School Excursions to the Downing Centre: Which Courts Are the Most Exciting?

Lawyers, defendants and their families are not the only ones who attend the Downing Centre – it is also a popular destination for school excursions.

Since courts are open for anyone to enter and watch, students are free to wander in and out of courtrooms – with the exception of the Children’s Court and ‘closed courts’, which will have a sign on the door.

The Downing Centre is the busiest courthouse in NSW, so there’s usually something interesting going on inside at least one of the courtrooms.

Visiting the Downing Centre is a great chance to see how our criminal justice system works – but some courtrooms aren’t generally as exciting as others.

Some interesting cases are reported in the media – and you will often see film crews set up outside the entrance of the Downing Centre, eager to film famous or notorious defendants as they enter and leave. If there is a particular case you want to see, noticeboards are on display which list the names of defendants in alphabetical order.

The main District Court noticeboard is on ground level directly ahead after you enter the courthouse, and the main Local Court noticeboard is on level 4, outside the lifts.

In the District Court

If you want to see a trial with a jury, this is the place to go. You may get to see a jury deliver a verdict, witnesses being cross-examined or other fascinating parts of a trial.

Many serious cases are heard in the District court, and if a person is pleading ‘not guilty’ a jury will ordinarily determine their innocence or guilt. This court is generally more formal than the Local Court, so you will see Judges and Barristers in their wigs and robes. Unlike Local Court Magistrates who wear black robes and no wigs, Judges wear wigs and robes with red on them.

The District courtrooms are located on five levels, from lower ground to level 3. Courtroom 3.1 (on level 3) is probably best avoided, especially in the morning. It is often packed and many short procedural matters are heard there. The courtroom is frequently so busy in the morning that you may have a hard time squeezing in, let alone taking in what is happening!

Trials may be held in any of the courtrooms from lower ground to level 2; but be warned, jury trials are not like on TV – they often take weeks or even months to complete and you may only get a snippet of the proceedings, and may not have enough information to understand what is going on.

So perhaps the best bet is to look for a courtroom without a jury, as you may get to see a defendant’s sentencing proceeding from start to finish. A sentencing is where a person pleads guilty or is found guilty and the Judge decides their penalty.

In the Local Court

Less serious cases are generally heard and finalised in the Local Court. Unlike District Court trials, Local Court cases are finished within a day; in fact, many sentencing proceedings take just 10 or 15 minutes.

Courtroom 4.4 is a Registrar’s court, which means it is presided over by an administrative officer rather than a Magistrate. It is where adjournments and other procedural matters occur, so you are more likely to see an interesting case in another courtroom.

Courtroom 4.5 gets plenty of action – it is where many short sentencing cases and mental health applications are heard, so you will be able to quickly get an idea of what the case is about, and can observe several defendants receiving penalties for their offences.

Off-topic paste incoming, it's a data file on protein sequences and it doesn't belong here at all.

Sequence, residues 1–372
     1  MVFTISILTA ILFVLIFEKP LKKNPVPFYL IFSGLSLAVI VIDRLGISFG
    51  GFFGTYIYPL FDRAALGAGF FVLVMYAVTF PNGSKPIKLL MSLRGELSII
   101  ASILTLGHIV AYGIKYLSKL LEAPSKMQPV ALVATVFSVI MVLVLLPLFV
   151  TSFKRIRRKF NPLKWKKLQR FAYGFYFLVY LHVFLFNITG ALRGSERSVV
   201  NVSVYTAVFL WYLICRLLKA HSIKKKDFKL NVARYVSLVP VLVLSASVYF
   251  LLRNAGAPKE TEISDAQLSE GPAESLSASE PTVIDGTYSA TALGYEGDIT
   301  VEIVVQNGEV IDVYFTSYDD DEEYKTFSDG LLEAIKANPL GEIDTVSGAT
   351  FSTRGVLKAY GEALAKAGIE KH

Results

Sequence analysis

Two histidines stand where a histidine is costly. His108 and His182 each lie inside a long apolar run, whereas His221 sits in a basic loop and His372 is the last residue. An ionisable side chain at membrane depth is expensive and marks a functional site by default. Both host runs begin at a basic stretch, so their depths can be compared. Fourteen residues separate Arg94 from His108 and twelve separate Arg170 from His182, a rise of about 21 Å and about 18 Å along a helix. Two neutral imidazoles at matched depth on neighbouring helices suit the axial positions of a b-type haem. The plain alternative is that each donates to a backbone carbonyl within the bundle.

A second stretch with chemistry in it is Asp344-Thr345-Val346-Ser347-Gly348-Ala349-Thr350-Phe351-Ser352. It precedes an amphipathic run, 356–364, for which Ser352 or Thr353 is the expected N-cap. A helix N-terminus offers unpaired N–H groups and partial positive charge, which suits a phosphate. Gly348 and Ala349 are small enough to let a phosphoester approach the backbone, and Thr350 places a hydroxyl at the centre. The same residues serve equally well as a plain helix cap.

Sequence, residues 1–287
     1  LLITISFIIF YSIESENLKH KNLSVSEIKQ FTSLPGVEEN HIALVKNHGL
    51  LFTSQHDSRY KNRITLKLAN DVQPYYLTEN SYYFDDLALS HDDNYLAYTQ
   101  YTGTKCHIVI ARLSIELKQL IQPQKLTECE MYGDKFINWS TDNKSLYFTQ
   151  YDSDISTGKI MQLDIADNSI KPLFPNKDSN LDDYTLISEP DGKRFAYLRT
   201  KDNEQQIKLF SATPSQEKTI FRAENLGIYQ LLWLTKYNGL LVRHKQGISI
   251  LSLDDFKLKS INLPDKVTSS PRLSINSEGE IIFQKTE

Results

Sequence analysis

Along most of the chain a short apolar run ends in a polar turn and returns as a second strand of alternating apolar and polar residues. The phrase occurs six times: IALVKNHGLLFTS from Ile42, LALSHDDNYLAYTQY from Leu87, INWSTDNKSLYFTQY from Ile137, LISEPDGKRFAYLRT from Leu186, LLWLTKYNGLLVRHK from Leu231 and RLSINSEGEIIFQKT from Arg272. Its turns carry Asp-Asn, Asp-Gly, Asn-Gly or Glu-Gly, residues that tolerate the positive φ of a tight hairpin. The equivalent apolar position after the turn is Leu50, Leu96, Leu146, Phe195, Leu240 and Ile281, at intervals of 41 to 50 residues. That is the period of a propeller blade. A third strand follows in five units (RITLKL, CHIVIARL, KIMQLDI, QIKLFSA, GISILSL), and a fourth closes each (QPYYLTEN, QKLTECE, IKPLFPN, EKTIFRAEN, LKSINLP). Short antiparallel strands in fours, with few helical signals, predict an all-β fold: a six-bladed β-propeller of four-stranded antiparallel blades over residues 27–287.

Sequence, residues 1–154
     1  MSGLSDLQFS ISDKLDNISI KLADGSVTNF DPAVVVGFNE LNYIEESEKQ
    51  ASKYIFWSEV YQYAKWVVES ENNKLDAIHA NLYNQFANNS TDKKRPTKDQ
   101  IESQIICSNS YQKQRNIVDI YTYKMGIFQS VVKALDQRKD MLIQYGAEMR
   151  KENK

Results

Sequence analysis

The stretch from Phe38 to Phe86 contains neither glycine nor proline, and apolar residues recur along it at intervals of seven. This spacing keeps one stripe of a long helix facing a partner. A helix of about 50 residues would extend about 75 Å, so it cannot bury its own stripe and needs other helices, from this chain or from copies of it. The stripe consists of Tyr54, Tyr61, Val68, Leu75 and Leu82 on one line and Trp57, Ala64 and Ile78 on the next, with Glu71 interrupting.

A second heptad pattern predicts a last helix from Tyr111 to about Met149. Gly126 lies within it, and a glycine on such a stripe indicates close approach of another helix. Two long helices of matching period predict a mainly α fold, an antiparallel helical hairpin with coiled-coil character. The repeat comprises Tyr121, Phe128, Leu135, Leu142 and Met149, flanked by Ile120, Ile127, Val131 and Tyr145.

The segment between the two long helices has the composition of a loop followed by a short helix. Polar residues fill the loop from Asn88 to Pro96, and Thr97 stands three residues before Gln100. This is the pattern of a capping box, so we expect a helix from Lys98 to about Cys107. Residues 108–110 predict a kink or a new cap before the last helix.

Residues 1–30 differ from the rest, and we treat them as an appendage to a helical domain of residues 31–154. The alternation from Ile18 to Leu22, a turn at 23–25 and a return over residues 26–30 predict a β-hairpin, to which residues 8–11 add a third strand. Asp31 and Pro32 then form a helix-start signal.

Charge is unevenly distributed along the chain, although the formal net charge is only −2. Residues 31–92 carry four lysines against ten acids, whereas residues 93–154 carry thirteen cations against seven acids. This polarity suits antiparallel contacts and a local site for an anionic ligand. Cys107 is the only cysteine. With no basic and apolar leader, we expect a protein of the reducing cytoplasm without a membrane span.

On Tuesdays and Thursdays, courtroom 5.2 hears relatively serious Local Court cases, which have been taken over from the police by the Office of the Director of Public Prosecutions (or ‘DPP’). Although the courtroom is often busy with short procedural matters in the mornings, you may be able to see people being sentenced later in the day.

If you would like to see witnesses being asked questions on the witness stand, your best bet is to head into one of the many hearing courts; such as 4.1, 4.2, 4.7 and 4.8. The questioning of witnesses occurs during ‘defended hearings’, which is where a defendant pleads not guilty and the Magistrate must decide their guilt or innocence.

If you want to hear about cases involving domestic violence, courtroom 5.2 hears those types of cases on Wednesdays.

Commonwealth cases, such as Centrelink fraud and tax evasion, are heard in courtroom 5.5.

Court Opening Hours

The Downing Centre opening hours are 8:30 to 4:30pm, Monday to Friday. However, Judges and Magistrates do not sit the whole time. Most court proceedings start at 9:30 or 10am. There is a break for morning tea between 11.40am and 12noon, and for lunch between 1pm and 2pm. The final sitting period for the day is 2pm to 4pm.

Tips on Court Etiquette

Court is a formal place, and there are rules which everyone must follow when entering or leaving a courtroom. These include:

  • Making sure your phone is switched off before entering the courtroom,
  • Bowing your head when you enter or leave the courtroom if a Registrar, Magistrate or Judge is sitting,
  • Standing when a Registrar, Magistrate or Judge enters or leaves,
  • Not taking photos or using recording devices while inside a courthouse (in fact, this is a criminal offence). However, you are permitted to take notes or draw pictures,
  • Not taking drinks or food inside the courtroom, and
  • Not talking or making noise when inside the courtroom. If you must talk, keep it to a minimum and whisper.

Learning some of the legal jargon used inside the courtroom may help you to understand what the lawyers, Magistrates and Judges are talking about. Click here to learn the basics.

We hope you enjoy your visit to the Downing Centre!